25th Jul2014

‘The Legend of Kung-Fu Rabbit’ DVD Review

by Phil Wheat

Stars: Jon Heder, Tom Arnold, Rebecca Black, Michael Clarke Duncan, Claire Geare | Written by Melanie Simka, Mychal Simka | Directed by Lijun Sun


You only have to walk into the home entertainment section of any supermarket in the UK to see the shelves clogged up with numerous straight to DVD animated movies – many of which walk the fine line between “based on the same fairy tale” to “complete rip-off of a recent theatrical release”. In the case of The Legend of Kung-Fu Rabbit we’re sitting squarely in the latter camp. Only it’s arrived on DVD a mere three years too late…

Originally released in 2011 but only now seeing the light of day here in the UK, The Legend of Kung Fu Rabbit is actually a Chinese animated movie, Tu Xia Chuan Qi, which has been re-titled and re-voiced for Western audiences. The film tells the story of Fu, an overweight rabbit chef, who is telepathically given the ultimate kung-fu power after rescuing a martial arts master from a fatal attack from an evil kung-fu “panda”, with the promise that he would return a mystical kung fu tablet to the masters estranged daughter, Penny.

The Legend of Kung Fu Rabbit is the worst kind of film making. It’s just plain lazy. Not even the interesting choice of voice cast can save this film from hitting the bargain bins (and carboot sales) everywhere the weekend after its released. Whilst the dearly-departed Michael Clarke Duncan gives a fantastic performance as the villainous “panda” Slash – it turns out his voice was made for a villainous role; Jon Heder (Napoleon Dynamite, Blades of Glory) seems to have made the odd decision to make his heroic Fu sound like a lumbering, often effeminate, imbecile. As for the infamous Rebecca “Friday” Black as Shifu’s daughter Penny? A little emotion in her performance would have gone a long way. Instead she’s as tonally flat as her famous one-hit wonder.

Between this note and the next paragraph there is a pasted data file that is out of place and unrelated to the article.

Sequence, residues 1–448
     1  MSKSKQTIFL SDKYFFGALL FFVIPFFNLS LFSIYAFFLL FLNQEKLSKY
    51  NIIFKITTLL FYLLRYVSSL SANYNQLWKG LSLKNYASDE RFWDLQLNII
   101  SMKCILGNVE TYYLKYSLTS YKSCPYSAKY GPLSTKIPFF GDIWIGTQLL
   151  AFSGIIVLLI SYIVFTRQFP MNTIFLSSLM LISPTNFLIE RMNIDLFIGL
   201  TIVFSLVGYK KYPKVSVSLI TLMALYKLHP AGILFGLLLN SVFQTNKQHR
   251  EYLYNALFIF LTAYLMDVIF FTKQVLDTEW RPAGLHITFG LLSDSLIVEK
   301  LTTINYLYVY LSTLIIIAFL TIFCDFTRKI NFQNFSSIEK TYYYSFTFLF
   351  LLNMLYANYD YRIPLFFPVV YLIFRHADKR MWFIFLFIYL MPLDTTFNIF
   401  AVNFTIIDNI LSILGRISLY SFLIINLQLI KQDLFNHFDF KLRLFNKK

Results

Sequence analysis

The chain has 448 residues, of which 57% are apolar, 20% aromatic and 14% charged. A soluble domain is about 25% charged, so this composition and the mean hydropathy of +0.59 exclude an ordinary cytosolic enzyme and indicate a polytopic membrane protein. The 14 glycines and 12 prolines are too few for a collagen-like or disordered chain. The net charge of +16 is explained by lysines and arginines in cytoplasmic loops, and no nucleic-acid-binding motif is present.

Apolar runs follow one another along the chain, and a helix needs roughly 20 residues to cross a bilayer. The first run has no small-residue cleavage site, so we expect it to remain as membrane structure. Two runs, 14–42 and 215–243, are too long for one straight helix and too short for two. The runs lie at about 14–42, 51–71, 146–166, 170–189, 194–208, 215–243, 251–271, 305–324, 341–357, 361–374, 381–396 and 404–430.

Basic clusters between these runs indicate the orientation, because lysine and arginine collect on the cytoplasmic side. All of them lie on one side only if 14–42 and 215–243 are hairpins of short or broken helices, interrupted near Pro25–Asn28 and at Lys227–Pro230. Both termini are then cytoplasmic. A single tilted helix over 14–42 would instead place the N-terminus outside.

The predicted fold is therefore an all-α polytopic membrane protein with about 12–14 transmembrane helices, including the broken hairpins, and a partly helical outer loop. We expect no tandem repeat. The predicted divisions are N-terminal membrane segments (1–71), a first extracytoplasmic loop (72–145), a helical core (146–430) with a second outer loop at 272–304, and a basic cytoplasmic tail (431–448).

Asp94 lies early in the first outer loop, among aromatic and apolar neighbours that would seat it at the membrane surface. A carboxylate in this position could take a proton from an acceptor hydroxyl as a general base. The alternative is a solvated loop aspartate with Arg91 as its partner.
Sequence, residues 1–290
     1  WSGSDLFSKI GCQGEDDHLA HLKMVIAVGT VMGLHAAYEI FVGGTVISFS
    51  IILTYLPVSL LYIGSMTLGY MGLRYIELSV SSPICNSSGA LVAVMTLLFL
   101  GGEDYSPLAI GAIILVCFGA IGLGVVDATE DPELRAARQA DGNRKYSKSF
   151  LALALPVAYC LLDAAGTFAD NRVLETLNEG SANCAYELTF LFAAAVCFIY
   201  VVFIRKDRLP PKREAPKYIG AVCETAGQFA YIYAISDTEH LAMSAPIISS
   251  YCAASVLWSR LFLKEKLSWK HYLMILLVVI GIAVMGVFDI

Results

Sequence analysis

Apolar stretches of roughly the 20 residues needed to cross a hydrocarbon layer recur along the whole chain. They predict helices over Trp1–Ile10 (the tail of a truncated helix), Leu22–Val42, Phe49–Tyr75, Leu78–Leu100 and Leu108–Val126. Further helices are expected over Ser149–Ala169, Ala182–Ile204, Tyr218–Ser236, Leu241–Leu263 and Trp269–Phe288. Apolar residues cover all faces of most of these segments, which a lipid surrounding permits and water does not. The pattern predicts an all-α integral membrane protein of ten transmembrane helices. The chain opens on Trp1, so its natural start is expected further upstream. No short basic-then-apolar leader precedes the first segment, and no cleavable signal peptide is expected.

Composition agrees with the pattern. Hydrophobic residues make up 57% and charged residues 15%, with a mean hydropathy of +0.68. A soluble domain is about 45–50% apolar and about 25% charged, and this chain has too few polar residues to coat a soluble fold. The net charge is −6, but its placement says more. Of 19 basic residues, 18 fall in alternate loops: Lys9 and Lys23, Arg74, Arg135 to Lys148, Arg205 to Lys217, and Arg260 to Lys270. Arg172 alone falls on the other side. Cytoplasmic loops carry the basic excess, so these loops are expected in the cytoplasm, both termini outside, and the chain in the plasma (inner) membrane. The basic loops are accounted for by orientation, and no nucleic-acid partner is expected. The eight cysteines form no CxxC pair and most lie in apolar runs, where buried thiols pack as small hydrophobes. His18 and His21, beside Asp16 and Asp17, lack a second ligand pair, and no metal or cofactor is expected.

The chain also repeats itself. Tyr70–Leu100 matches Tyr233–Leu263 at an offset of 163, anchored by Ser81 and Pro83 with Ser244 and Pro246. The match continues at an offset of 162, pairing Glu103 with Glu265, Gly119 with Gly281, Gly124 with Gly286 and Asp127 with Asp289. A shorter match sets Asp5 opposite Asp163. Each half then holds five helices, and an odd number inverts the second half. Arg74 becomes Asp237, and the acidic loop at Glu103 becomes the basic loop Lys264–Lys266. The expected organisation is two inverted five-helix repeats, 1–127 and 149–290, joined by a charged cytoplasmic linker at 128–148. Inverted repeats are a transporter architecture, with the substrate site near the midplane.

It’s hard to believe that a film like this exists. Surely Dreamworks, makers of Kung Fu Panda, should’ve sued this film out of existence. After all it copies just about every aspect of the panda flick, only making not-so-subtle changes to cast identities and names… Po the fat panda becomes Fu the overweight rabbit. Hell, the fimmakers didn’t even bother to change Master Shifu’s name, instead he becomes a monkey rather than a Red Panda. And so it continues. I honestly don’t think I’ve ever seen a more blatant case of filmic plagiarism – not even The Asylum have the balls to be this flagrant with copyright when it comes to their mockbusters!

The Legend of Kung Fu Rabbit is released on DVD on August 11th, courtesy of Signature Entertainment.


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